Why Generation Z Does not Want to Work for Big Corporates
As a small but growing consultancy, we receive an increasing amount of applications on our vacancies with an increase in the quality of applicants.
This is an interesting trend and constitutes a shift in the perception of applicants towards big multinational corporates. As Maslow outlined in his famous Hierarchy of Needs, the need for self-actualization is most highly desired but often not fulfilled in a junior position within a large corporation. Generation Z, 18-30, tends to value this criterium with an increasing importance. This is one of the reasons to choose a startup with all its risks over the safety of a big MNC because you are often given freedom in how you are doing things and often partly what you do, e.g. Google’s 20 per cent set aside time per employee for own projects.
During the last Eleven Canterbury event ‘New Technology Trends – Risks and Opportunities for Non-Executive Directors and Boards’ we have also elaborated on this problem and summarized three main aspects:
1. Generation Z wants to work on new and innovative challenges.
2. Current generation of corporates needs more young talent to pass on knowledge.
3. Large corporates becoming at risk from talent switching to innovate in smaller competition and/or actively devising threats.
Deloitte has noted in their 2013 report ‘Exploring Strategic Risk’ that the valuation of the strategic value of human capital is decreasing with the outlook to 2016 (title picture left). Drawing on this, we see a further shift between the executive view’s and generation Z’s view on the topic and would like to share some possible opportunities how to create a winning relationship with the paramount generation Z.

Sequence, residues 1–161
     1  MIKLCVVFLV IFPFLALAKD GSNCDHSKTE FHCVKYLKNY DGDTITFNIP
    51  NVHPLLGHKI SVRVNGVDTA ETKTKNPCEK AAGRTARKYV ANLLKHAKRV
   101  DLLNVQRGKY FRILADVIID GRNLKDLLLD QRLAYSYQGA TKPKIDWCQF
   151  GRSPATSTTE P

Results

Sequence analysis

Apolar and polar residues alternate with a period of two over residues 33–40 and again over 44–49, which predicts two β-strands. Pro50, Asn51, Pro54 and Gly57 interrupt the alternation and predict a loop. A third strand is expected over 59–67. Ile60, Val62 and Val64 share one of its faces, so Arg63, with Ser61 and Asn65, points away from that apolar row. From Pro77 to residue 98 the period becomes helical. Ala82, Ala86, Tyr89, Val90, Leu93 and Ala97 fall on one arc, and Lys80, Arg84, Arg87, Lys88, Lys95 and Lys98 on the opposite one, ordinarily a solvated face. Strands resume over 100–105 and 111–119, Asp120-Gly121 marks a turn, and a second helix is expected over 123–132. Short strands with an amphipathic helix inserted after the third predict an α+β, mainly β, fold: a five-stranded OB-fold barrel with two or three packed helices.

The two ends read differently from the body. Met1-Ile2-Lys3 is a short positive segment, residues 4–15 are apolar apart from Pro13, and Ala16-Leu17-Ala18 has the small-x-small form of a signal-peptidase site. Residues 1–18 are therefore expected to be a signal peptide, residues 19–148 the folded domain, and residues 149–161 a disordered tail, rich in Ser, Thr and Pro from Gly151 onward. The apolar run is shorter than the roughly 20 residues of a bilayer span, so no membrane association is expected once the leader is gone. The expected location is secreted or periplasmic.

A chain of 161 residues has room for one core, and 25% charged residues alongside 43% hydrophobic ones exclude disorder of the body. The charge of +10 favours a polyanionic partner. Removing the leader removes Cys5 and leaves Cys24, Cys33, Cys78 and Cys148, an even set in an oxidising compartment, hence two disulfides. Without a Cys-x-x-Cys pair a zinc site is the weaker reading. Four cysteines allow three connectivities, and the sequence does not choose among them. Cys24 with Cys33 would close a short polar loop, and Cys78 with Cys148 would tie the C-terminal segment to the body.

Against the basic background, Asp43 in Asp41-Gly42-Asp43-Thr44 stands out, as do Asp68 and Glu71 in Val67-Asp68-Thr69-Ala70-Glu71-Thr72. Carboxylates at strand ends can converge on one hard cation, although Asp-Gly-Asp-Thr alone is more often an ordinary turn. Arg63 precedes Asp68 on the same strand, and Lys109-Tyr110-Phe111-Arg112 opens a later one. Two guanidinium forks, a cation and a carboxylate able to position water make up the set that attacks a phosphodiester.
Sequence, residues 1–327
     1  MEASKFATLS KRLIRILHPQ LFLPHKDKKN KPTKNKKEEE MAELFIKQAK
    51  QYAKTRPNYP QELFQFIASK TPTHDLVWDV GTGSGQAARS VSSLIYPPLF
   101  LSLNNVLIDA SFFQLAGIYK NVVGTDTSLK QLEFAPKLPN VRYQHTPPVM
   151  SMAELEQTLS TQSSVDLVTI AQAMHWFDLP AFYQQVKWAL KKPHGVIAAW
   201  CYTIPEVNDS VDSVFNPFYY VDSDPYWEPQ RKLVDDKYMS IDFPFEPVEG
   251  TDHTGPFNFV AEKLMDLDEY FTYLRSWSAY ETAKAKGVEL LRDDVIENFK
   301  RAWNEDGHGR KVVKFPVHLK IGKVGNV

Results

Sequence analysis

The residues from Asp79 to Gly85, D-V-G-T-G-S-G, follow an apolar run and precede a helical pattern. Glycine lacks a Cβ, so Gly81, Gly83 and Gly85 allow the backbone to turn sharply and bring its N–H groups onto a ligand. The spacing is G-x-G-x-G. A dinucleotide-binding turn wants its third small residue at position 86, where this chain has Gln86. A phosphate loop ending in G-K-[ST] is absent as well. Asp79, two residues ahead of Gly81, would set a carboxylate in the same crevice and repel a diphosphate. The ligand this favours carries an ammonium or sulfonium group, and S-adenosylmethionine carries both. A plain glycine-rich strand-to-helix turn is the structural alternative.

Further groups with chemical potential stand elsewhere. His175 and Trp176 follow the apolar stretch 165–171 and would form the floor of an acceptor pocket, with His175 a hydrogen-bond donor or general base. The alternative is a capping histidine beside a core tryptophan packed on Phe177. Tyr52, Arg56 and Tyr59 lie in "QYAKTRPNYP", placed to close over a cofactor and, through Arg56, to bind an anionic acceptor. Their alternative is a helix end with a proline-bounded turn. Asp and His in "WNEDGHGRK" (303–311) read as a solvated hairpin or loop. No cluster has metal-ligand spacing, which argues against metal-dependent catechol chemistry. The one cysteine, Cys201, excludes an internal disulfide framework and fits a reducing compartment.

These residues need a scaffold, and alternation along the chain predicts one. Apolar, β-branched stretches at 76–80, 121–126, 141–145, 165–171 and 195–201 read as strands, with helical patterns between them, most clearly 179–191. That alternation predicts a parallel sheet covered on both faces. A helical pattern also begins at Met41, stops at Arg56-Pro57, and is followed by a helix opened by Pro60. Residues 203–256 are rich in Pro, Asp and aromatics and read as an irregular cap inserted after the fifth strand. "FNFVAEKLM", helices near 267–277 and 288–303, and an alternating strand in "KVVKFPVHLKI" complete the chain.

One way to tackle it is to offer self responsibility and a clear decision competency even for lower level positions. The younger generation is eager to try out their skills, develop their own project portfolio and make their way towards the top. As a senior manager, you can reach out and offer the foundation to achieve this. Another possible measure is to set aside a reasonable budget for an individual’s projects. This can be used for trainings, seminar, innovative projects, etc.
Basically what this does, is to give a junior budget responsibility and simulate the quick decision process usually found in startups by giving them direct control over something.
Some readers will probably be concerned about the overall cost because it is not only the budget but also the time which needs to be considered. We however would like to pose the question whether the cost of loosing a well trained junior after 1-2 years is higher than this measure as well as the benefits on personal development, thereby justifying this investment with a rapidly increasing skill base, motivation and dedication.
Another strategy we encounter more often, is the indirect outsourcing of the innovation processes by simply waiting for interesting startups and acquiring them at (huge) cost. It is obviously costly but the advantage is that you do not necessarily need a culture change at the main organisation to facilitate innovation and can buy-in “tested” innovations.
Further information on this topic and how strategic risk is overall changing, can be found in the 2013 Deloitte Report.